Gott enjoys serving Lord as a businessman
SALEM – Wayne Gott, who owns dozens of grocery stories and banks, is a businessman who loves the Lord Jesus Christ.
He was converted as a 10-year-old boy in Douglas County, in “a little Baptist church” about 20 miles southwest of Ava. Now 75, he remains true to the King as he goes about his many commercial enterprises with his wife of 56 years, Betty, by his side.
“It just gets sweeter as the days go by,” Gott said. “Our relationship with God is just very precious to us. We’re thankful that God has allowed us to walk with Him throughout the years and has made us prosperous. He has blessed us physically and financially, and with a good family. We’re just blessed and looking forward to the future.”
The Gotts own and run 17 Country Mart supermarkets out of the Salem office. Wayne Gott and two partners in Fredricktown own 40 stores together out of the Fredericktown office, which accounts for a total of 57 stores in Missouri, Arkansas, Kentucky and Tennessee. Diversified as many wise businessmen are in the 2000s, Gott became a banker in the 1970s and is part of a family group that now owns 10 banks.
His routine is to work six days a week, with time set aside for church at First Baptist Church, Salem, on Sunday mornings and evenings as well as Wednesday nights. He was licensed to the ministry in the 1960s, and he loves to sing in the choir.
“I was asked to be minister of music until they could find somebody, and that lasted for 30 years,” Gott said. “I did it all on a volunteer basis, and I got paid for it by the blessings that I received, and that’s worth more than money.
“I love music. I love Southern Gospel quartet music. I can sing bass to most any song you put in front of me.”
He said that he finds joy in being a Christian businessman by being able to serve customers.
“I’m a real people person, and I enjoy the fellowship that I have with our customers,” Gott said. “It’s been my pleasure to share my testimony with customers. It’s been my pleasure to see customers saved because of what God has been able to do through me. I never am ashamed of my testimony and the fact that I am a Christian.”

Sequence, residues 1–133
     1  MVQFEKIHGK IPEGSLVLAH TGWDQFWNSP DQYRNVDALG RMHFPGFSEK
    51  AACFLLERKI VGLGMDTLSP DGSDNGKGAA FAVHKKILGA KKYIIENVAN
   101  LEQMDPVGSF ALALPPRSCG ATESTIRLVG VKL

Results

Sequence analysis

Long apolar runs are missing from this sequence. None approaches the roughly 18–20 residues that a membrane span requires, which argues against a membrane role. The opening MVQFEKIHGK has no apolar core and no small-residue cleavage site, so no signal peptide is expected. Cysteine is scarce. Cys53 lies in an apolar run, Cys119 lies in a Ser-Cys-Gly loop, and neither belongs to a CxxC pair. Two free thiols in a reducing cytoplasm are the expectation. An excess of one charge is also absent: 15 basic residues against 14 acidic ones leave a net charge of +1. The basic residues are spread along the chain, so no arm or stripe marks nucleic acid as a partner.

Another one of Gott’s interests is Southwest Baptist University (SBU), where he serves as a trustee. The educational center at the Baptist university in Bolivar is named for the Gotts, and Wayne’s legacy, in part, is being built through the naming of a residence facility for men as Gott Hall.
“We believe in Christian higher education, and we also have a Southwest Baptist satellite center in Salem, and that’s the Gott Center for Christian Higher Education (with about 225 students enrolled),” he said. “That’s been a real pleasure to me to see folks, mostly non-traditional students, who are there to graduate and get a degree and go from a minimum-wage job to $25,000 a year. That’s really been a joy to me to see that happen in a Christian college in a Christian atmosphere. The students really, really enjoy that.”
“My dad was a country store operator, and I always wanted to be in the grocery business,” he said.
In 1954, with money on loan from his father, he bought a store in Bradleyville, down in Taney County. He eventually earned enough to put in a new supermarket in Salem.
The idea of ridiculously wealthy national chain stores coming into rural Missouri and beating the brains out of local grocery store owners like Gott is a bit repulsive to the man from Salem.
“We are real solid financially,” he said. “We can give old-fashioned service that (nationally known chain supermarkets) can’t give. Service is certainly important to our customers. Yes, they’re tough, but we’ve found that we can survive by giving old-fashioned service. We’ve got some things to offer that they don’t have.”
“Our store is going to do well here,” he said in a cellular phone conversation from Mountain Grove. “We’ve got the best location between Springfield and West Plains. We own 12½ acres of land right here at the junction of (Highway) 60 and 95, and that’s where we’ve built our store. We’ve owned this land for a number of years and just now felt like we were financially able to build on it.”